FIG. 5D is an example of cross sectional side view of a lens having an equiangular surface that is equiangular at the critical angle;

FIG. 5E is an example of cross sectional side view of a lens having an equiangular surface that is equiangular at the critical angle;

FIG. 6A is a cross sectional side view of one example of an embodiment of a discrete lens system that is image-side optically field-limited;

FIG. 6B is transmission curve of a image-side optically field limited lens system, as a function of location in an object plane;

FIG. 7A is a cross sectional side view of one example of an embodiment of a lens system that is image-side optically field-limited;

FIG. 7B is a top view of lens system that is image-side optically field-limited;

FIG. 7C is a cross sectional view of a lens system having an equiangular surface;

FIG. 7D is a cross sectional view of a lens system having an equiangular surface that is equiangular at the critical angle;

FIG. 8 is a ray trace of an uncorrected lens system;

FIG. 9 is a ray trace one example of a three-element lens system according to the present invention;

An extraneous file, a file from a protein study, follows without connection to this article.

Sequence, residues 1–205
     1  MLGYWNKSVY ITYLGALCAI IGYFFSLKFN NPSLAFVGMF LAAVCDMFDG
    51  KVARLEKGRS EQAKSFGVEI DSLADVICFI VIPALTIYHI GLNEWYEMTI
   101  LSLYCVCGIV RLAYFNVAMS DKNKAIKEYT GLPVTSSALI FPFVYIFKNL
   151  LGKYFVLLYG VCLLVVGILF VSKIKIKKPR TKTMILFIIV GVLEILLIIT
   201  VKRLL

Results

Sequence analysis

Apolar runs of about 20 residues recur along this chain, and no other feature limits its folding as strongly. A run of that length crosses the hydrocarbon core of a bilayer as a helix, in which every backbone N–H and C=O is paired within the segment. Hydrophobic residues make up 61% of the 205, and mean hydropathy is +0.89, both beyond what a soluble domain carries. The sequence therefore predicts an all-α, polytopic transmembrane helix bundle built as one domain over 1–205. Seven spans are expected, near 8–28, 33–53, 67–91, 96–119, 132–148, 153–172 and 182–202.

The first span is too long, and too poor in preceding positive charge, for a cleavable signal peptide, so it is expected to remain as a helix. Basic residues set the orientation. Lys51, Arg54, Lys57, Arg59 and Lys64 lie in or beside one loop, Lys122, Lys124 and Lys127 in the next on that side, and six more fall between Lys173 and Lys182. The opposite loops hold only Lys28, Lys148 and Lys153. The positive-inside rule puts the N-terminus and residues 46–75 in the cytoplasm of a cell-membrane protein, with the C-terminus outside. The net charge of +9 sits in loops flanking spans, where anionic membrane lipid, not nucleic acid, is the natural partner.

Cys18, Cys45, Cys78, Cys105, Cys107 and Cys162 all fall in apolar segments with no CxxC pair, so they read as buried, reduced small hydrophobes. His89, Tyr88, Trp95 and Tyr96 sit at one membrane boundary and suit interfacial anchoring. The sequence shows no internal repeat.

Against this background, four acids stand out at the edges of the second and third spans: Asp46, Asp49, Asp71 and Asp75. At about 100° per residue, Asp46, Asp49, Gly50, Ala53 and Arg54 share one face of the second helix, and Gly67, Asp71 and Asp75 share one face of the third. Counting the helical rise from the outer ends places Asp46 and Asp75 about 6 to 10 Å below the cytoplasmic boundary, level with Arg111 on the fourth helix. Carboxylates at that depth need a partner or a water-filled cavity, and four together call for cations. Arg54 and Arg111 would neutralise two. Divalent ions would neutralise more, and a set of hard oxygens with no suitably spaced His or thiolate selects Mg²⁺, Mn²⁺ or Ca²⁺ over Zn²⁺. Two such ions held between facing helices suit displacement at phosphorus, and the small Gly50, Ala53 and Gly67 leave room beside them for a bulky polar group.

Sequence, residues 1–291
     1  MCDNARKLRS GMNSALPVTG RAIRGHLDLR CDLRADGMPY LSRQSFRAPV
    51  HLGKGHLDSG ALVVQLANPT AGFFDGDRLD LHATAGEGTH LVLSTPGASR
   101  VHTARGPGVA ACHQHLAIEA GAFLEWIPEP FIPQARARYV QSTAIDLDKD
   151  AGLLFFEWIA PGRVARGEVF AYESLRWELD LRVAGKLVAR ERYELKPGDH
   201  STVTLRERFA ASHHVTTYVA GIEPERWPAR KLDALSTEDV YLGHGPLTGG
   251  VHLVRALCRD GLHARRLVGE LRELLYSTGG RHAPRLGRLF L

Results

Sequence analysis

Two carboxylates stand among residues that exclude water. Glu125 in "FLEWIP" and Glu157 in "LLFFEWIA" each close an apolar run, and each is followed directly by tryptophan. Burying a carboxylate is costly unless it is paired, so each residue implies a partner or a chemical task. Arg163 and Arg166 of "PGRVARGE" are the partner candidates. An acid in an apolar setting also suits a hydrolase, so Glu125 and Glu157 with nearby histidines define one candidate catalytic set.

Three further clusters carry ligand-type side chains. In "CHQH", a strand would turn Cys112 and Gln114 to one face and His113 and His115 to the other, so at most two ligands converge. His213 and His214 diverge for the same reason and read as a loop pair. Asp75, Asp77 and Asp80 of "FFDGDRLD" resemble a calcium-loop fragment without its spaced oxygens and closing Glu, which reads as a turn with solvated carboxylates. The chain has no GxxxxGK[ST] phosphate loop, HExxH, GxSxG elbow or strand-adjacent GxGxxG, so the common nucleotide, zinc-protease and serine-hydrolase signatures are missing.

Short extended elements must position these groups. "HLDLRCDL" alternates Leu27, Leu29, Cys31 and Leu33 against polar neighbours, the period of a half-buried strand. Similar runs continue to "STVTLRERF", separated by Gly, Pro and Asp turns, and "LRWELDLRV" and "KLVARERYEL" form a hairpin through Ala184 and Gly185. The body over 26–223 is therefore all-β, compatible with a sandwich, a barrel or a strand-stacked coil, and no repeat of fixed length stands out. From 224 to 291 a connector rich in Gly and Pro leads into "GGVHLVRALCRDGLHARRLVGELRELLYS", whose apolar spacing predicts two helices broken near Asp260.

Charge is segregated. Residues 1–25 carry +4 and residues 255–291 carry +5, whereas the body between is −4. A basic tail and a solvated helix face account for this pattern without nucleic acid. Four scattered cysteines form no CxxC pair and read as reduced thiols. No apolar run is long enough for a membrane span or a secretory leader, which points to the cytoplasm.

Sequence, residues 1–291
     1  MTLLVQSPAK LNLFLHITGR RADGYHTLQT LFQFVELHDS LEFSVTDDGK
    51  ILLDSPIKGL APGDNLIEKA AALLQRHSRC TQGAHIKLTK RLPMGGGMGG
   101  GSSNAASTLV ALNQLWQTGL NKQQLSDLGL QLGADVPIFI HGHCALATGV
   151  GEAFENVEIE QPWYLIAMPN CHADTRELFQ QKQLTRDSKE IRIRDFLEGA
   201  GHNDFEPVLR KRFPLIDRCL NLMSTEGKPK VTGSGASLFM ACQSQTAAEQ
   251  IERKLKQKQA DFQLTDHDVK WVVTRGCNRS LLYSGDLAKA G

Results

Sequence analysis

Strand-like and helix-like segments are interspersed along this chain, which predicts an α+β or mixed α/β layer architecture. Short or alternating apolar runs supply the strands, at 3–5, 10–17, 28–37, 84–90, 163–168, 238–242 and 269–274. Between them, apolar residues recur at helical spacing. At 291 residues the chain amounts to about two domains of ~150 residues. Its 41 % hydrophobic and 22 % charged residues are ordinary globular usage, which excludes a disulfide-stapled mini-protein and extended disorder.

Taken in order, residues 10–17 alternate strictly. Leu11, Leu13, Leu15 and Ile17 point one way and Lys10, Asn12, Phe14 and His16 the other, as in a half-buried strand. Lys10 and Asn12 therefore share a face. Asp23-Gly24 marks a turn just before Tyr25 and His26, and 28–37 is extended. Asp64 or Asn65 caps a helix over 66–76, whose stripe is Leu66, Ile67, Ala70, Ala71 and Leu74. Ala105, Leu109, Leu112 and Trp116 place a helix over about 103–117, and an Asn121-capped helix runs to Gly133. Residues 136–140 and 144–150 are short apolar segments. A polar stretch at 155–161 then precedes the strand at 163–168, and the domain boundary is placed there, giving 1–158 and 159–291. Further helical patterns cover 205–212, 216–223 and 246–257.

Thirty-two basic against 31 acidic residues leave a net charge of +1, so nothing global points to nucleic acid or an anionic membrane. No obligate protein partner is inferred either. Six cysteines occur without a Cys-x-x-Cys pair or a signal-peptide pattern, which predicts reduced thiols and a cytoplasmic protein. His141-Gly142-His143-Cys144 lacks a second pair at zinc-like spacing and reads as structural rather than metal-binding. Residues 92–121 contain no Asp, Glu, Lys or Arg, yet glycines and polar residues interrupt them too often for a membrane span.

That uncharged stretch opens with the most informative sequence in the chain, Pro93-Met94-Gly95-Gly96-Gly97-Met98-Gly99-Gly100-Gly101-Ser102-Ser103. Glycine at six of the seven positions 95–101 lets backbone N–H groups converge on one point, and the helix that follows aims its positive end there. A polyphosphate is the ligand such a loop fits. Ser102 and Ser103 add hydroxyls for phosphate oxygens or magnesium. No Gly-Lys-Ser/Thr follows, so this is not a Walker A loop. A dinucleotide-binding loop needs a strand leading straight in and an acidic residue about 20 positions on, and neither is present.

FIG. 10a is a ray trace of one example of a two element lens system according to the present invention;

FIG. 10B is a ray trace illustrating field limitation;

FIG. 11 is lens system according to the present invention having finite conjugates;

FIG. 12 is an MTF of an uncorrected lens system;

FIG. 13 is an MTF of one example three-element lens system according to the present invention

FIG. 14 is an MTF of one example of a two-element lens system according to the present invention;

FIG. 15 is an MTF of one example of a finite conjugate lens system according to the present invention;

FIG. 16A is transmittance curve as a function of the critical angle;

FIG. 16B is a curve illustrating transmittance through an optically field limited system and a vignetted lens system;

FIG. 16C is a plot of two overlapping image fields in a lens array according to the present invention;

FIG. 17 is a perspective view an optically field limited lens array;

FIG. 18 is a perspective view of a three-element lens array;

FIGS. 19A-19D are cross sectional side views of embodiments of two-element lens system according to the present invention;